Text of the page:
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The death of Aldous Huxley on 22 November 1963 was overshadowed by a much bigger news story Though most of Huxley!s writing seems dated his main legacy is the dysto"ian vision of the novel #rave New $orld% one of the classics of modern literature Though often com"ared with &rwell!s 19'(% brave New $orld is currently loo)ing li)e the more accurate "rediction of where humanity was heading
How Many Goodly Creatures Are There Here
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Since I started to write to write satirical blogs on the frequent reports and studies about breakthroughs in cloning, transhumanism, creation genetically modified humans and the mandating of drug use (most worryingly anti - depressants) that are thrown at us every day, the misinformation and disinformation that comes out of certain branches of the scientific community I have often been told us ordinary punters "cannot understand science because you are not scientists "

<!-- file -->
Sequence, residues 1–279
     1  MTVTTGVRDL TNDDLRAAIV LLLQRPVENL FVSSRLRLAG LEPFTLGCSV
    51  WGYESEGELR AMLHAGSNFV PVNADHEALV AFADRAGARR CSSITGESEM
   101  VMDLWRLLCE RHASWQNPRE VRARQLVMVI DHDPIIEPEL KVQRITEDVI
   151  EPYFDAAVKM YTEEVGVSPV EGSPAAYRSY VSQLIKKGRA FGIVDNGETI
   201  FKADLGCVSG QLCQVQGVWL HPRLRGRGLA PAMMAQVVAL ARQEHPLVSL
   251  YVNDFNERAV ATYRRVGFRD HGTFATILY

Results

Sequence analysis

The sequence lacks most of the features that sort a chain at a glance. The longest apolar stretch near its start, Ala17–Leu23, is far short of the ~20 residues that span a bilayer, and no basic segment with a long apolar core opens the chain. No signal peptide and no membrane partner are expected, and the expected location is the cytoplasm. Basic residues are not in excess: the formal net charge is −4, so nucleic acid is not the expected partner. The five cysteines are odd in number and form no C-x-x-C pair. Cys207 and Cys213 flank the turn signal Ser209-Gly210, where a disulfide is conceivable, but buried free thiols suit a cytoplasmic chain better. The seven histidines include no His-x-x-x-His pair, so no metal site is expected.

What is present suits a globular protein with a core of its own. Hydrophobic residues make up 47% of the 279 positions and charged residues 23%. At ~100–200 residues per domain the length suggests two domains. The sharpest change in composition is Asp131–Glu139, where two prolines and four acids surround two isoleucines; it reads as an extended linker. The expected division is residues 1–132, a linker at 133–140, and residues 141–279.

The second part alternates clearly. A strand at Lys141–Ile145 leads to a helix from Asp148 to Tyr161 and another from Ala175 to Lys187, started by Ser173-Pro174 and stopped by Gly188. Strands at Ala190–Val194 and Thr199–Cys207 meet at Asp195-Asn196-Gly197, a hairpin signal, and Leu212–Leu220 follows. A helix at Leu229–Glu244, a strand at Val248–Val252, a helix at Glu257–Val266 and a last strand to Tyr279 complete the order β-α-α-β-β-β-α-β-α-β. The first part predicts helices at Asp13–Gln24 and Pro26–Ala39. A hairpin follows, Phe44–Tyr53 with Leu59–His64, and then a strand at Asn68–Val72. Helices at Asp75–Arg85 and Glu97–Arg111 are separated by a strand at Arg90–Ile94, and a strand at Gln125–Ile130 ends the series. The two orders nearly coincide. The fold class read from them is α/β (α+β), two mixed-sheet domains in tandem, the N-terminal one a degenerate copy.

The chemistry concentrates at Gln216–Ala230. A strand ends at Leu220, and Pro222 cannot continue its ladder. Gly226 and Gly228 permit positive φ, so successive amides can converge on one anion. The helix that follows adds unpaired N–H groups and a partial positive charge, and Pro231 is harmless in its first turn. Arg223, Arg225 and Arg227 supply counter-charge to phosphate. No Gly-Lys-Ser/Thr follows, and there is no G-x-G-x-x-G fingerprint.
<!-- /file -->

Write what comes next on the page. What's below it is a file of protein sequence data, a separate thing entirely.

It has occurred to me several times as I wrote of plans to put anti!depressants in water, to withhold medical treatment from those who self harm by having a cheese sandwich containing demonised but nutritionally essential saturated fats and a beer replete with the demon alcohol rather than "ig #harma approved happy pills and to fiddle about with the genome to produce a race of perfect beings, that I ought to do an article on "rave $ew %orld, &ldous 'u(ley)s *+,-s novel of a technological utopia In common with .rwell)s $ineteen /ighty 0our, forever imprinted on the minds of my generation because of the cover image of a military boot grinding on a human face, "rave $ew %orld was a novel that changed the way we viewed the world we lived in In many ways it inspired aspects of the social revolution of the *+1-s as people shrugged off the social controls that had imposed such restrictive conventions on western society $ow of course the bright young things of the si(ties are 2ust boring old farts and people are tricked into conformity by promises of ever improving material benefits if they will only sustain constant economic growth 3onsumerism has replaced patriotism in binding us into slavery 'aving become famous in the $ineteen 4wenties with his witty and intellectually provocative novels &ldous 'u(ley was still highly rated when his death on $ovember 55 *+1, was somewhat overshadowed by the assassination of #resident 6 0 7ennedy 4he 7ennedy story filled news and comment columns for weeks and 'u(ley8s reputation was denied the boost that would have launched his posthumous career as a writer ranking alongside the giants of twentieth century literature such as Stein beck, 'emingway, 9awrence and .rwell, to name a few In the years 'u(ley was at his peak, the world 8liberal8 had not been hi2acked by politically correct authoritarianism and public debate featured a wide range of opinions 4his worked in 'u(ley8s favour because his novels and stories became conversation pieces due to the challenging nature of the ideas he e(pressed :ost of the characters practised the arts or aspired to do so and while some were standard 9iberals others flirted with fascism and communism .ften several scientists would feature among 'u(ley8s cast, giving the writer opportunity to e(plore the contradictions of science, such as the ethical questions surrounding eugenics (which was not invented by the $a;is, but by well intentioned liberal democrats) 4he interest in science was not surprising, the gulf between the arts and the sciences had not at that time grown so wide and &ldous 'u(ley was the grandson of 4 ' 'u(ley, an evangelist for 3harles <arwin8s theory of evolution and known as <arwin)s bulldog /ven if 'u(ley8s death had not been eclipsed in news coverage, his popularity might not have